Monthly Archives: January 2013
Predictions for 2013
2012 had its surprises, like the US Supreme Court’s decision to uphold Obamacare and the acceleration of the “Myanmar Spring.” Mostly, however, the year was notable for how many things remained status quo. The Syrian War continued; violence in Iraq and Afghanistan remained at largely the same level; the Muslim Brotherhood continued to dominate Egyptian politics despite its missteps; President Obama was reelected as was a Republican-majority House and Democrat-majority Senate; Chinese leaders chose stability over change; Hugo Chavez won convincingly in Venezuelan elections; European regained its economic footing a bit; and the world continued to dither on global climate change.
Will 2013 witness any big surprises? Well, as Nate Silver points out in his excellent book, predicting big political events is like predicting big earthquakes – you can only know that some happen over long periods, but it’s pretty impossible to say one is coming up during a given year. Still, it’s interesting to speculate, even if with a truckload of salt.
1). Prediction 1: People will still be fighting in Syria at the end of the year. While a former professor in my department at graduate school argues that the more-conventional nature of the Syrian conflict may lead to a faster resolution than typical civil wars, I would argue that this is mitigated somewhat by the “ethnic” nature of the conflict. Research suggests that ethnic wars (in this case the word “sectarian” would be more correct – but the dynamic is similar) last longer than non-ethnic wars. When groups like the Alawites of Syria fear that their survival may be at stake if they lay down their arms, the incentive to negotiate is greatly reduced. Even if President Assad goes, there may still be enough fear and hate, and weapons, for the fighting to continue past this year. I hope I am wrong.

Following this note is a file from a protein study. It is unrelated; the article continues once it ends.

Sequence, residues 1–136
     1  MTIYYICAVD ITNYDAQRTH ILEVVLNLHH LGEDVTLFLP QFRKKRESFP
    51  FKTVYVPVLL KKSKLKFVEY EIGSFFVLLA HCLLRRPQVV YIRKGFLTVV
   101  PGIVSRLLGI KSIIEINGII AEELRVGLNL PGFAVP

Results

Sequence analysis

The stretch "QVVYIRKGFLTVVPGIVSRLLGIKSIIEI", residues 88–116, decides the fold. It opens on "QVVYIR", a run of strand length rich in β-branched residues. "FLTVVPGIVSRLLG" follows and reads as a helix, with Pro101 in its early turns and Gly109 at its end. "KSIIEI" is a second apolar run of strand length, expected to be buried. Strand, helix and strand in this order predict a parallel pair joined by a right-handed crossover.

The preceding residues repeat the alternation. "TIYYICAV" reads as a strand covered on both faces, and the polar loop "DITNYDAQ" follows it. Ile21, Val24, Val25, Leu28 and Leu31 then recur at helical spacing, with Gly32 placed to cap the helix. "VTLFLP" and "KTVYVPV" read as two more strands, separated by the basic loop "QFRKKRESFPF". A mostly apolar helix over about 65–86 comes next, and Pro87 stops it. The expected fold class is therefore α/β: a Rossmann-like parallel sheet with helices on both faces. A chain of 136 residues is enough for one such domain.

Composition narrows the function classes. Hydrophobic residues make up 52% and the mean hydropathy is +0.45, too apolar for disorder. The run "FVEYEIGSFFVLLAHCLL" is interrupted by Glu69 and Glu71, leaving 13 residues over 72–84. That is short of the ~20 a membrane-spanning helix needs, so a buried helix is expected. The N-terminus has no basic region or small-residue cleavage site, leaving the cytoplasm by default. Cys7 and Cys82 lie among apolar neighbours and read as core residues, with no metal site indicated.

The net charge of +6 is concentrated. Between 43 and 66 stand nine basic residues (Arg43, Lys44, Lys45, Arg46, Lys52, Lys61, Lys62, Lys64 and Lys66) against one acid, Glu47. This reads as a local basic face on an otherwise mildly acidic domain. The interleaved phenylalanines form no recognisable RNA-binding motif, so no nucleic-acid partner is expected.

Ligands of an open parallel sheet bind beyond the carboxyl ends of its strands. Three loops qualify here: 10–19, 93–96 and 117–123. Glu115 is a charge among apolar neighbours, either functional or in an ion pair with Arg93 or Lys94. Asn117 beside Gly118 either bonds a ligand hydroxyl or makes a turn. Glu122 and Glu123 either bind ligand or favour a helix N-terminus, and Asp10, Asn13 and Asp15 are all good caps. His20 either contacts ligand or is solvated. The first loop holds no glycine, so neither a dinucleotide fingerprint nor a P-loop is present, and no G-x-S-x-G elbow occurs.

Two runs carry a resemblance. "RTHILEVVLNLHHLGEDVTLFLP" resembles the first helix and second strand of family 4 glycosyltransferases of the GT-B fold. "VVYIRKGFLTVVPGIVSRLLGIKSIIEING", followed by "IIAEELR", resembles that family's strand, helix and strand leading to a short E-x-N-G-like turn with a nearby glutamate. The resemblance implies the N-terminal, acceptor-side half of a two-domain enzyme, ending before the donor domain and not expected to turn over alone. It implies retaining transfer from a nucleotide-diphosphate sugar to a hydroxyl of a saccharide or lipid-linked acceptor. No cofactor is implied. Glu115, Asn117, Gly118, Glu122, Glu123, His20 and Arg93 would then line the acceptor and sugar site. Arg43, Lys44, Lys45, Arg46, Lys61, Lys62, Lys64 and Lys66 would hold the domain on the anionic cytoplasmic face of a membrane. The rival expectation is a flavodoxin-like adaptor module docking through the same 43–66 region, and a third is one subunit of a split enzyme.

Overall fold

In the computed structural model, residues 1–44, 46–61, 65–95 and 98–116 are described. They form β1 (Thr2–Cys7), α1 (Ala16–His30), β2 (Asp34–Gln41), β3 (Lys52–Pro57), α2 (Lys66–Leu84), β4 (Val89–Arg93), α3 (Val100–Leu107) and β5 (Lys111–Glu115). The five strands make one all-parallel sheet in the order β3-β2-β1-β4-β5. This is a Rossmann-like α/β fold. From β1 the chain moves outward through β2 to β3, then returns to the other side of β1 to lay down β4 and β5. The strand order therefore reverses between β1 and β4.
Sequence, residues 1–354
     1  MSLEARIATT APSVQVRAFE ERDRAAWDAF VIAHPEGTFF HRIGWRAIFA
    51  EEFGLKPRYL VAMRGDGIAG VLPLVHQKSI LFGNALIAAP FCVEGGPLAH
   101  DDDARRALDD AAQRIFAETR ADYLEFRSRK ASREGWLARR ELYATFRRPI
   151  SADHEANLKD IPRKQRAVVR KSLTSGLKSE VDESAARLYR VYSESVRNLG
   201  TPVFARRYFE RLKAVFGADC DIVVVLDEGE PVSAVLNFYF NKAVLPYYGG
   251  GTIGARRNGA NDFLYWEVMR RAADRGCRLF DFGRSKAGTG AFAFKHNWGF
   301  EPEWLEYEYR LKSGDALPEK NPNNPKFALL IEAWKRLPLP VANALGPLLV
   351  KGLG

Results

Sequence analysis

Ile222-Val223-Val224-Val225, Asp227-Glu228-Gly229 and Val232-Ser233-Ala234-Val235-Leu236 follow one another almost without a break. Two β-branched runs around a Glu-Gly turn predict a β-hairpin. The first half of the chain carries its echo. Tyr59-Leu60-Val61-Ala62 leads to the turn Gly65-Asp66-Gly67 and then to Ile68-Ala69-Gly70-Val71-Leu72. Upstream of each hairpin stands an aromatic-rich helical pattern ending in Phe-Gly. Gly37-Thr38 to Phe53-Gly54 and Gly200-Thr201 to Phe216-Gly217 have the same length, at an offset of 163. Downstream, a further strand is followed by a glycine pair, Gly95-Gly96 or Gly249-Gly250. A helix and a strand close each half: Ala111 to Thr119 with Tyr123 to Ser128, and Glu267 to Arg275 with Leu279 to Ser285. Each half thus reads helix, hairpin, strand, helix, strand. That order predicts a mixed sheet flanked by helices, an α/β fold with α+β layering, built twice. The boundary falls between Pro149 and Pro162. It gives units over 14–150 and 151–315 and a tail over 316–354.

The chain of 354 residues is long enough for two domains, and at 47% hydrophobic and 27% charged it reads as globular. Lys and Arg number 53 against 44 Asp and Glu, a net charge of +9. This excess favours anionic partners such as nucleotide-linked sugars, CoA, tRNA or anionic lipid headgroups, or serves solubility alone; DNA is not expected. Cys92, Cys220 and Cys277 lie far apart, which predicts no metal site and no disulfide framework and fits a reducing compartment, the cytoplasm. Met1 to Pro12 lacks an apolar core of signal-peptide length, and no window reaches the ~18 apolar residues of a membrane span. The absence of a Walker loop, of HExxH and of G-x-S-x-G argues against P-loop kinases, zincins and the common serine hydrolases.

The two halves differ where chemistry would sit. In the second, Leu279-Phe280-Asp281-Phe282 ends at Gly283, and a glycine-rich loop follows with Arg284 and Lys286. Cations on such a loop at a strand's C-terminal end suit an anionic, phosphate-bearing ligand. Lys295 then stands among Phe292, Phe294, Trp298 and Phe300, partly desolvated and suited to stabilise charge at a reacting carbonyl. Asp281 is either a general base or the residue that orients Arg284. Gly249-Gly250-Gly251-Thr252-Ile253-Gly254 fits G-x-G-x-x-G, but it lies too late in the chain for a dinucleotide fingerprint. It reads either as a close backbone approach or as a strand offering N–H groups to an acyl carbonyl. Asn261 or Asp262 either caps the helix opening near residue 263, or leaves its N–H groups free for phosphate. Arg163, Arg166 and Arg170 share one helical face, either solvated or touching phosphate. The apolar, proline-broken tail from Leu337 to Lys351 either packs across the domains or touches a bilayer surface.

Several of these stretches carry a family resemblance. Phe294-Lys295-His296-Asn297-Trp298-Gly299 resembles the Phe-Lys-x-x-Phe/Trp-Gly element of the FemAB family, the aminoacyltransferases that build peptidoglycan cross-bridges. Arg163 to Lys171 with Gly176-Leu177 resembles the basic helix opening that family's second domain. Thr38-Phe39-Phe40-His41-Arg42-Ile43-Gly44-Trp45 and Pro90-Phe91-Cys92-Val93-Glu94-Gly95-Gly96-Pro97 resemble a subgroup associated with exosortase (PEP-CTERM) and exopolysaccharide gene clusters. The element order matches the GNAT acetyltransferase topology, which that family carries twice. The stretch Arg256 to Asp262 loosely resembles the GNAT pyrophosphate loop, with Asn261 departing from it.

2). Prediction 2: Iran will still not get bombed. I largely stand by what I wrote over a year ago when I blogged that “Israel can’t; America won’t.” It is hard to believe the Israelis would be able to overcome distance and logistics to act alone against Iran. It’s hard to imagine, on the other hand, watching the Obama administration launch a lengthy bombing campaign against Iran without overwhelming international backing – backing which is unlikely to ever be forthcoming.
3). Prediction 3: Mainstream Republicans will slowly back away from debt ceiling rhetoric weeks before the scheduled vote. No one emerged political winners from the debt crisis in 2011, but this time only one side has to run for re-election. While the true believers in the Tea Party will vote against raising the debt ceiling, enough reason will prevail among the Republican “establishment” to back away from a potentially disastrous economic and political situation.
4). Prediction 4: Congress will make strong progress on immigration reform. Republicans saw the lopsided loss of the Hispanic vote as a key reason for Romney’s loss in 2012, and fear for the political future of the Republican Party if the trend is not reversed. Political calculations and pro-business considerations will combine to push many Republicans toward a compromise with Democrats that includes expanded work visas and some sort of “amnesty” for the ten million plus illegal immigrants in the country.
5). Prediction 5: Argo will win the Academy Award for Best Picture. Okay, I know I’m going out on a limb for a movie that is a 6 or 7 – 1 odds longshot, but here’s my thinking about Oscar psychology. Argo, like the Artist last year, celebrates Hollywood – in this case giving it a role in releasing the Iranian hostages. Oscar voters love that just as they love period pieces. It’s also the movie with the fewest “problems” – Zero Dark Thirty has a torture problem, which won’t play well among voters, and Lincoln script and ending left some critics wanting.
So, that’s it – just five humble predictions this year. I’d love to hear any of yours!